2. The Crow's Nest Lane (Harbison Canyon) [.4 mile, avg grade 18%, max grade 33.3%]:

The shortest on this list, and it's sitting at #2! No kidding! I'm sure many have glimpsed at this monster as they descend Mountain View/Frances Rd into Harbison Canyon, though not many have gone up it since the base of it isn't quite on the main road. As you can see from the gradient profile pic above... it is a mad road!

As there are only 2 occupied houses on The Crow's Nest, the likelihood of sharing the gnarly climb/descent with a car is quite slim. The road is pretty well paved, though it does have liberal amount of sandy debris on the surface (probably doesn't get swept often... or at all!), and there are a couple of really ill-placed sharp speed bumps right on the steepest bit of the climb that gave me quite a fright when I spontaneously wheelied upon hitting them (the 2nd one even came with a rear wheel skid due to a loose layer of sand). So... please make sure your brakes are in excellent order before attempting this thing because you will have to come down it. And, as much as I enjoy going downhill, descending the Crow's Nest Lane was like a pleasure cruise that caught the flu virus 500 miles off-shore with no other ship in sight. I was happy to be alive when I got to the bottom... after having snailed my way down at less than 8 mph!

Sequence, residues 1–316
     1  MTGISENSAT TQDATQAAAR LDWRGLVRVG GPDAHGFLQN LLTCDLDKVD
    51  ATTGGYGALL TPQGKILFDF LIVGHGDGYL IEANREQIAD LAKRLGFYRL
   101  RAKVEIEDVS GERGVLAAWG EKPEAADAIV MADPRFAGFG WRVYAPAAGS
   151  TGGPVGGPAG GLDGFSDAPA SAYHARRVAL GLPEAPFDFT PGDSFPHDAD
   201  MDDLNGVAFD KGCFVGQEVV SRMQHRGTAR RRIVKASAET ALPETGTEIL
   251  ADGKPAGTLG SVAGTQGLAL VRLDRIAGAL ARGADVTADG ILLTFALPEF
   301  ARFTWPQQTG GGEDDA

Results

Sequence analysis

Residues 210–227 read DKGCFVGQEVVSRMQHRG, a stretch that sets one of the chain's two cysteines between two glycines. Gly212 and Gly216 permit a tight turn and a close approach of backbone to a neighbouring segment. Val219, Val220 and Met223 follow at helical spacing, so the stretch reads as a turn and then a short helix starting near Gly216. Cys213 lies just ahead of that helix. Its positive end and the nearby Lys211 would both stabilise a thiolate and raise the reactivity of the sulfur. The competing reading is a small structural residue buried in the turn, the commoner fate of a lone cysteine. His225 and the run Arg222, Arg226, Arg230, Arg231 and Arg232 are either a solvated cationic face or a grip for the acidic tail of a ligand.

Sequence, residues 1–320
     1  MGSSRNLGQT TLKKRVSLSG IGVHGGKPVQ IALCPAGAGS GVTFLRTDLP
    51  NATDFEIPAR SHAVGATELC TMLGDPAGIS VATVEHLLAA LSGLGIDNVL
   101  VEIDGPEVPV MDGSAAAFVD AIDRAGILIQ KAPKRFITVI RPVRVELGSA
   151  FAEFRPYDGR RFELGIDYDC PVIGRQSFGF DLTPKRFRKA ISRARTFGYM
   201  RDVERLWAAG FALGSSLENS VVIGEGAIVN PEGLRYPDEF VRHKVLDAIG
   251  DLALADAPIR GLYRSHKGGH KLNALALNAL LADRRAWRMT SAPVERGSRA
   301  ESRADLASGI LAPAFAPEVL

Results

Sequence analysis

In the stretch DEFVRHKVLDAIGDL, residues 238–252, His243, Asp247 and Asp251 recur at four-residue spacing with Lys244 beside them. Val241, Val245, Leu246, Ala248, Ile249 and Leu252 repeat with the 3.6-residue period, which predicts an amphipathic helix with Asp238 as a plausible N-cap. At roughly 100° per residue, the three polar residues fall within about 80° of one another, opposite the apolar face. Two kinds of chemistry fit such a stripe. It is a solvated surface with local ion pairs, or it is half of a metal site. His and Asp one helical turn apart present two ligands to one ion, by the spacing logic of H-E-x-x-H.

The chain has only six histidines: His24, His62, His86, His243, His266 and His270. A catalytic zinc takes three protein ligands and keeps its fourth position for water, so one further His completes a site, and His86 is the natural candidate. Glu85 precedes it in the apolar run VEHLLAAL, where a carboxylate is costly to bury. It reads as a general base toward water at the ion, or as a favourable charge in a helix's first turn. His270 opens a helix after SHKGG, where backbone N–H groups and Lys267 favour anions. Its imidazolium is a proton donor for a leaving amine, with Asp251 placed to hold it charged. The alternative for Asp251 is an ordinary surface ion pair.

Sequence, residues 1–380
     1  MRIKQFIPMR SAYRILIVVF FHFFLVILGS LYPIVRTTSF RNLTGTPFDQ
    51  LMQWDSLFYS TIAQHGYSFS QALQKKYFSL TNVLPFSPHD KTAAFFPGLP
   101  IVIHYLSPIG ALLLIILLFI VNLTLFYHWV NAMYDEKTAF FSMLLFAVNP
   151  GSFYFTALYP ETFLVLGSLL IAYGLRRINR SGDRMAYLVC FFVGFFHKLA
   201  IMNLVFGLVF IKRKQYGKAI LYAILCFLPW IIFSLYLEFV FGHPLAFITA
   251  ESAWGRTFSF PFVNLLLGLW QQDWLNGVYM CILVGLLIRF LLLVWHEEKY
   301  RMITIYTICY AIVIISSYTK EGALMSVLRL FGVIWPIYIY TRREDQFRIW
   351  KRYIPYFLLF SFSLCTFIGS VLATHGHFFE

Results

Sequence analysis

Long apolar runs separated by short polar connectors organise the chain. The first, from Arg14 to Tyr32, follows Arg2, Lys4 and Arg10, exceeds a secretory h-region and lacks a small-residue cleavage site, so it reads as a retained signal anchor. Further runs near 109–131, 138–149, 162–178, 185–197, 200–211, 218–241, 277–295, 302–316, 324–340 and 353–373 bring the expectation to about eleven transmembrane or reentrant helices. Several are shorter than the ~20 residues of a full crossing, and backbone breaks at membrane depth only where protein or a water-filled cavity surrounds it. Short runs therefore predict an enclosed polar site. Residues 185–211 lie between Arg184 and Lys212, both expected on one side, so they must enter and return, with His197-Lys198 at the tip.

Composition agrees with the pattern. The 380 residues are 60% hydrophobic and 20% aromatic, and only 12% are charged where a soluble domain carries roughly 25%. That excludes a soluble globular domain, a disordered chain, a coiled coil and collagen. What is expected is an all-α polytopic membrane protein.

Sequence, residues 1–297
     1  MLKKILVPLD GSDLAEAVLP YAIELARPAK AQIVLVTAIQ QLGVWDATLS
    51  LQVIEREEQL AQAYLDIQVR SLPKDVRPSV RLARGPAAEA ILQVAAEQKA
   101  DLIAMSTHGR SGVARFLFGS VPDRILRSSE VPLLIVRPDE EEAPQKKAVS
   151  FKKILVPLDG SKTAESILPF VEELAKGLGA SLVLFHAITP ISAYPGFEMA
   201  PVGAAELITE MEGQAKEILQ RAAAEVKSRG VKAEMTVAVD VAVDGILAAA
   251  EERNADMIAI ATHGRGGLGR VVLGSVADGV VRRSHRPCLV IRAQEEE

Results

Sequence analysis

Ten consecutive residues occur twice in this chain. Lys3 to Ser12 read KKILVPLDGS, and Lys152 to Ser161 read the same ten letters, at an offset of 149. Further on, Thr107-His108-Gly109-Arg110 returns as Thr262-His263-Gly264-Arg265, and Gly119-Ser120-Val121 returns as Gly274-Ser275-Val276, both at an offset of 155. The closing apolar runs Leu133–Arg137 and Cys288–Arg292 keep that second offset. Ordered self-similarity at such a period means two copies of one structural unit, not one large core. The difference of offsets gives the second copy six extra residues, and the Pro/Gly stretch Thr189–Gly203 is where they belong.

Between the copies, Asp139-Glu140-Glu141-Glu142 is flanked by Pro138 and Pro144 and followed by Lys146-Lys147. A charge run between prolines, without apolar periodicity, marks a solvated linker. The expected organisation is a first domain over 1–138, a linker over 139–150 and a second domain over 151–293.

1. **Rocky Lane (Muth Valley) [.7 mile, avg 17%, max grade 44.8%]:
Talk about a barricaded road... It takes quite a bit of acrobatic just to get onto Rocky Ln at all! And once you are on it, you sort of wonder what madness had come upon you and how in the world are you going to get back out! Have an equally crazy buddy with you or tell someone where you'll be before attempting ('cause if you run into a mountain lion while dragging your bike up this thing, you're toasted and probably won't be found within a month). Also, as hideous as cycling down Wildcat Canyon Rd is, considering its traffic, it still is probably safer than descending Rocky Lane. I don't think I would even attempt it if I have disc brakes... So there you go.

Honorable mentions: Rainbow Glen from the west (Fallbrook), Rice Rd (Rattlesnake Mtn in Santee), Gomez Creek Rd (Rainbow - Pala).

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Thanks for stopping by. Be safe on the roads!